GNU Astronomy Utilities


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3.2.2.2 Synchronizing

The bootstrapping script (see Bootstrapping) is not regularly needed: you mainly need it after you have cloned Gnuastro (once) and whenever you want to re-import the files from Gnulib, or Autoconf archives65 (not too common). However, Gnuastro developers are constantly working on Gnuastro and are pushing their changes to the official repository. Therefore, your local Gnuastro clone will soon be out-dated. Gnuastro has two mailing lists dedicated to its developing activities (see Developing mailing lists). Subscribing to them can help you decide when to synchronize with the official repository.

To pull all the most recent work in Gnuastro, run the following command from the top Gnuastro directory. If you don’t already have a built system, ignore make distclean. The separate steps are described in detail afterwards.

$ make distclean && git pull && autoreconf -f

You can also run the commands separately:

$ make distclean
$ git pull
$ autoreconf -f

If Gnuastro was already built in this directory, you don’t want some outputs from the previous version being mixed with outputs from the newly pulled work. Therefore, the first step is to clean/delete all the built files with make distclean. Fortunately the GNU build system allows the separation of source and built files (in separate directories). This is a great feature to keep your source directory clean and you can use it to avoid the cleaning step. Gnuastro comes with a script with some useful options for this job. It is useful if you regularly pull recent changes, see Separate build and source directories.

After the pull, we must re-configure Gnuastro with autoreconf -f (part of GNU Autoconf). It will update the ./configure script and all the Makefile.in66 files based on the hand-written configurations (in configure.ac and the Makefile.am files). After running autoreconf -f, a warning about TEXI2DVI might show up, you can ignore that.

The most important reason for re-building Gnuastro’s build system is to generate/update the version number for your updated Gnuastro snapshot. This generated version number will include the commit information (see Version numbering). The version number is included in nearly all outputs of Gnuastro’s programs, therefore it is vital for reproducing an old result.

As a summary, be sure to run ‘autoreconf -f’ after every change in the Git history. This includes synchronization with the main server or even a commit you have made yourself.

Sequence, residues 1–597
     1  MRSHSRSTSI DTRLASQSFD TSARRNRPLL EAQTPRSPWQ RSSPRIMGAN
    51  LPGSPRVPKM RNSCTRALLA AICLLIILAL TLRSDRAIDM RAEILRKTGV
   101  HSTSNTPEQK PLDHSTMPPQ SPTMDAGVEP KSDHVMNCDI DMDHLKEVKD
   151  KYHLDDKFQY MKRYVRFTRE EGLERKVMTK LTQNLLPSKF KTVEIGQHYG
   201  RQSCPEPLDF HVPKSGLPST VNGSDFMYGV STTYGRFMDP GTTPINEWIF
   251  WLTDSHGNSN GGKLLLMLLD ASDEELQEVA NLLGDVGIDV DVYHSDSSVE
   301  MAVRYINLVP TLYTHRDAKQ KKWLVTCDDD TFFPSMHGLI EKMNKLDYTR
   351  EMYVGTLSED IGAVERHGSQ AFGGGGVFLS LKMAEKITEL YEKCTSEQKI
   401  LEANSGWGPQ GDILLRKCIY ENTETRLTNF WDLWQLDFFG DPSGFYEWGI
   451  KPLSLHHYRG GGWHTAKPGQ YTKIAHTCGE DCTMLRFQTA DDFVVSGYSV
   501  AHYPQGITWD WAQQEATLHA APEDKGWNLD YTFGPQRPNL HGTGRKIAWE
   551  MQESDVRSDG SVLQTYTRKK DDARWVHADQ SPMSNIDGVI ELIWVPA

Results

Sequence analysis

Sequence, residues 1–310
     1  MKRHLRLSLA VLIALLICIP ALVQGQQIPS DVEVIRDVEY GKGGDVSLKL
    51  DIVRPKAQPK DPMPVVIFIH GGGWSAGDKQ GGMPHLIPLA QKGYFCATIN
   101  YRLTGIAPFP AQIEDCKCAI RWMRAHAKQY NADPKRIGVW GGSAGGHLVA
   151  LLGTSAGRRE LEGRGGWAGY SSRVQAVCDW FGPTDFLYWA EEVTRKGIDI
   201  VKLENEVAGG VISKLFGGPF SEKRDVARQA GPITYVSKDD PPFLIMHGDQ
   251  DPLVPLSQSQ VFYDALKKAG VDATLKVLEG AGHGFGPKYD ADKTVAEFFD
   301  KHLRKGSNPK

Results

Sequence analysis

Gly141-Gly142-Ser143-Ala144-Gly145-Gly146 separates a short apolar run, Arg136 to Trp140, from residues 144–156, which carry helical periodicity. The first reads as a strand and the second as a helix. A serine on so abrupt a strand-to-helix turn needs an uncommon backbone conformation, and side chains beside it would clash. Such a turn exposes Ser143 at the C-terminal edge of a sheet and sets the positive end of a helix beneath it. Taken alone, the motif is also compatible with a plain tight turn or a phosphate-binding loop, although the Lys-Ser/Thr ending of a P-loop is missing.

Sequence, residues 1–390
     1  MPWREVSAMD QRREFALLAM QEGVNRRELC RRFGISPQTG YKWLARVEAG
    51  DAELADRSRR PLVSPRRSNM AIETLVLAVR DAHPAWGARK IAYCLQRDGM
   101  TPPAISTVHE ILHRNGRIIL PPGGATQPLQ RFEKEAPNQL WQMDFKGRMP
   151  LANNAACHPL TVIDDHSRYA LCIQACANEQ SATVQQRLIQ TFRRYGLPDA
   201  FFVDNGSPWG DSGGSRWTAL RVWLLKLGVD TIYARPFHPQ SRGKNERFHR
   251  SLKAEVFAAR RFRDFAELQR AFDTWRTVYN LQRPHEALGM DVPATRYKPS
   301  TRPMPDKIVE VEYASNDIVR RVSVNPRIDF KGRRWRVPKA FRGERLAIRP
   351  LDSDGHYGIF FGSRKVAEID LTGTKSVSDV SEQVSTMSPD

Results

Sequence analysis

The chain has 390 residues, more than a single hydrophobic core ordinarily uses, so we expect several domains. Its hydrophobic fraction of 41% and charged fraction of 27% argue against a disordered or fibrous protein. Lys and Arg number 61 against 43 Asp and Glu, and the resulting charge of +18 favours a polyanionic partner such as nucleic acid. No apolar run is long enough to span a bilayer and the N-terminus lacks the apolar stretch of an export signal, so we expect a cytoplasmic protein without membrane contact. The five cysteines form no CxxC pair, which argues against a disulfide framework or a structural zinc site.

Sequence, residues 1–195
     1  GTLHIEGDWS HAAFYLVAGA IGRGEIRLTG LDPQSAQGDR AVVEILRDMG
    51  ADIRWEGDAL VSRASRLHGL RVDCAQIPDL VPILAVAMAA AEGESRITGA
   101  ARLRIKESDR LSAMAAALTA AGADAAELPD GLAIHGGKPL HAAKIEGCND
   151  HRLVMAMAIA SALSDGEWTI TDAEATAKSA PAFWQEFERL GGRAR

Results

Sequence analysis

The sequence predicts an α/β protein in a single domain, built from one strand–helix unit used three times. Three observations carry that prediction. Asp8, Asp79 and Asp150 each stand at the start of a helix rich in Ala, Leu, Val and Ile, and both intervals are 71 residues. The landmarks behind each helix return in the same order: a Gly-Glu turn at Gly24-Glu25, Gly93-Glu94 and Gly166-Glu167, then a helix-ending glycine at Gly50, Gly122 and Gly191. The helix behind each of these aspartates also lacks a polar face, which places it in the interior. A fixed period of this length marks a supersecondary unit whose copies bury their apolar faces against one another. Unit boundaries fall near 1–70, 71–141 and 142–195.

If you would like to see what has changed since you last synchronized your local clone, you can take the following steps instead of the simple command above (don’t type anything after #):

$ git checkout master             # Confirm if you are on master.
$ git fetch origin                # Fetch all new commits from server.
$ git log master..origin/master   # See all the new commit messages.
$ git merge origin/master         # Update your master branch.
$ autoreconf -f                   # Update the build system.

By default git log prints the most recent commit first, add the --reverse option to see the changes chronologically. To see exactly what has been changed in the source code along with the commit message, add a -p option to the git log.

If you want to make changes in the code, have a look at Developing to get started easily. Be sure to commit your changes in a separate branch (keep your master branch to follow the official repository) and re-run autoreconf -f after the commit. If you intend to send your work to us, you can safely use your commit since it will be ultimately recorded in Gnuastro’s official history. If not, please upload your separate branch to a public hosting service, for example GitLab, and link to it in your report/paper. Alternatively, run make distcheck and upload the output gnuastro-X.X.X.XXXX.tar.gz to a publicly accessible webpage so your results can be considered scientific (reproducible) later.


Footnotes

(65)

https://savannah.gnu.org/task/index.php?13993 is defined for you to check if significant (for Gnuastro) updates are made in these repositories, since the last time you pulled from them.

(66)

In the GNU build system, ./configure will use the Makefile.in files to create the necessary Makefile files that are later read by make to build the package.


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